When you need to see a gastroenterologist, HSHS Medical Group Multispecialty Care - St. Elizabeth's offers patient-first care. Find out more about what a gastroenterologist does below.
What are the most common conditions seen/treated in gastroenterology?
- Colorectal cancer screening
- Heartburn, reflux, ulcers
- Trouble swallowing
- Abdominal pain
- Blood in stool
- Irritable bowel syndrome
- Crohn’s disease, ulcerative colitis
- Celiac disease
- Unexplained weight loss
- Liver disease, jaundice
- Weight management
Do you recommend any preventive screenings/tests for gastroenterology issues?
We recommend patients get colonoscopies and esophageal cancer screenings.
- Colorectal cancer is the third most commonly diagnosed cancer.
- It is the third leading cause of cancer deaths in women and men.
- 150,000 Americans are diagnosed each year.
- Most colorectal cancer can be prevented by having regular colonoscopies.
- About 1/3 of people do not get tested on time.
- Only 39% of colon cancer is found at the earliest stage.
- 30,000 lives could be saved each year if every American had their colonoscopy on schedule.
- Barrett’s esophagus is a change in the lining of the esophagus.
- It is a complication of chronic reflux.
- Barrett's esophagus has no symptoms (although reflux may have symptoms).
- Guidelines recommend routine biopsies if Barrett's esophagus is present in order to prevent esophageal cancer.
Who should get a colonoscopy?
- Patients should start getting colonoscopies at age 45 if at average risk.
- People with a family history of cancer or advanced polyps should start getting colonoscopies at age 40 or 10 years before the youngest case in the immediate family (whichever comes first).
- People with inherited cancer syndromes. They may be as young as 10 years old.
- Patients with inflammatory bowel disease (Crohn’s disease or ulcerative colitis) should have colonoscopies every 1 - 2 years after diagnosis.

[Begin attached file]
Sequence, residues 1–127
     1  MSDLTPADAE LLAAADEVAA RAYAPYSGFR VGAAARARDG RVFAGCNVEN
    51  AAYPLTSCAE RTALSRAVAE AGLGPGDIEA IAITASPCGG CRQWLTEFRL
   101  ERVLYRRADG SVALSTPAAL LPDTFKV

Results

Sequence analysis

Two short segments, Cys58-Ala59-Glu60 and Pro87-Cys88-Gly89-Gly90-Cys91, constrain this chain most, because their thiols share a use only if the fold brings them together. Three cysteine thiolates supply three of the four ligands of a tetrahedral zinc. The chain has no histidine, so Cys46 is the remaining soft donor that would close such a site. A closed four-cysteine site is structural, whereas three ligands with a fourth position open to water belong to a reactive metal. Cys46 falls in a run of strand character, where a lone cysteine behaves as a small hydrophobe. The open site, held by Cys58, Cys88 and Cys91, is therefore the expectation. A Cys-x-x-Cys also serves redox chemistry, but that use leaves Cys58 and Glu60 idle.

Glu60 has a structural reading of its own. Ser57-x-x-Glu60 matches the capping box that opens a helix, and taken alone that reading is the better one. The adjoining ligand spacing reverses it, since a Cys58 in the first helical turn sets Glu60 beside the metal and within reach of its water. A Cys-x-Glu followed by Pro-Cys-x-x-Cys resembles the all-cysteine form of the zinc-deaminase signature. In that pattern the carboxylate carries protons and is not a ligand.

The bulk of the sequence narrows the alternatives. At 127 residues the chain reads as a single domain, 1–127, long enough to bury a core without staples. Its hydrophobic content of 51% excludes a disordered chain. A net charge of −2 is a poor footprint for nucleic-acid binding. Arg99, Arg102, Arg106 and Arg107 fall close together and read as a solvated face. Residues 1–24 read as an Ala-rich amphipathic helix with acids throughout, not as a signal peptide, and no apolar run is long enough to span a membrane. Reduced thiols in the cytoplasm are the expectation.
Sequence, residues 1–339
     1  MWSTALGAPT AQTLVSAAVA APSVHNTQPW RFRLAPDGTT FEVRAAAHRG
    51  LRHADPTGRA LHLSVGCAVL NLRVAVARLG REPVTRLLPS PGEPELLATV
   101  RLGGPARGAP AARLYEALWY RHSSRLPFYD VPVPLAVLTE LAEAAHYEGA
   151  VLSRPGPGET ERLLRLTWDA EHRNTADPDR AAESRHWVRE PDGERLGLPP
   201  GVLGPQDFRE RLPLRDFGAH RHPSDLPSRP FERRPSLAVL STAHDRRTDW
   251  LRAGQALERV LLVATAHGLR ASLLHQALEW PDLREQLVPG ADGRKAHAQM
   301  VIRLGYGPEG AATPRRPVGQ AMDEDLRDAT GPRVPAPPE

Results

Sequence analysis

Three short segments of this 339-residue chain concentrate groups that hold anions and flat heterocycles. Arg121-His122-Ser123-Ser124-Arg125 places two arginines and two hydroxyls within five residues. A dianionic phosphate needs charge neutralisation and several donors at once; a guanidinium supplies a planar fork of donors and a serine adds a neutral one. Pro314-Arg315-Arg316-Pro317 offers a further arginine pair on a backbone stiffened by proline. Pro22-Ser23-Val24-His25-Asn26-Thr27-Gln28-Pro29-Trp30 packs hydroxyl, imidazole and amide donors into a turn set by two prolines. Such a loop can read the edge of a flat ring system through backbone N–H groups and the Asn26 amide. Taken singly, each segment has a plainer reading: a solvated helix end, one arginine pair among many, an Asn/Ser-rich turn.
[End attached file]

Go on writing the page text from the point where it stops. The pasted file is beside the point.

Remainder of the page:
- Patients with prior precancerous polyps or cancer should have screenings every 1 - 5 years (based on pathology results, number of polyps, history, prep quality).
When do you recommend someone see a gastroenterologist?
There are three good reasons to see a gastroenterologist: symptoms, maintenance of disease and prevention. Patients with symptoms such as abdominal pain, heartburn, reflux, trouble swallowing or food getting stuck, pain with eating, nausea, vomiting, early satiety, unintentional weight loss, bloating, constipation, diarrhea or blood in the stool can benefit from evaluation by a gastroenterologist. Additionally, patients with a known disease, such as Crohn's disease, ulcerative colitis or irritable bowel syndrome, may need a gastroenterologist to assist in management of their condition over the long term. Finally, patients in need of screening for colorectal cancer can see a gastroenterologist for colonoscopies.
What technologies do you use to help provide the best care for your patients?
A thorough history and discussion with the patient is a key tool in order to determine the correct diagnosis, and to decide which tests are most likely to find a diagnosis. Tests that are useful include dozens of possible blood and stool tests, upper endoscopy or colonoscopy with biopsies, CT scans or MRI, gastric emptying study and liver biopsy. Gastroenterologists undergo extensive training in the use of endoscopes and colonoscopes with advanced technologies built in to better diagnose disease.
Are certain people more prone to having gastroenterology issues?
Patients with a family history of gastrointestinal cancers and gastrointestinal diseases have an increased risk of having the same or related disease. African-American patients are known to have a higher risk of colorectal cancer at a younger age.
To see an HSHS Medical Group gastroenterologist, call 618-641-5803 or schedule an appointment online.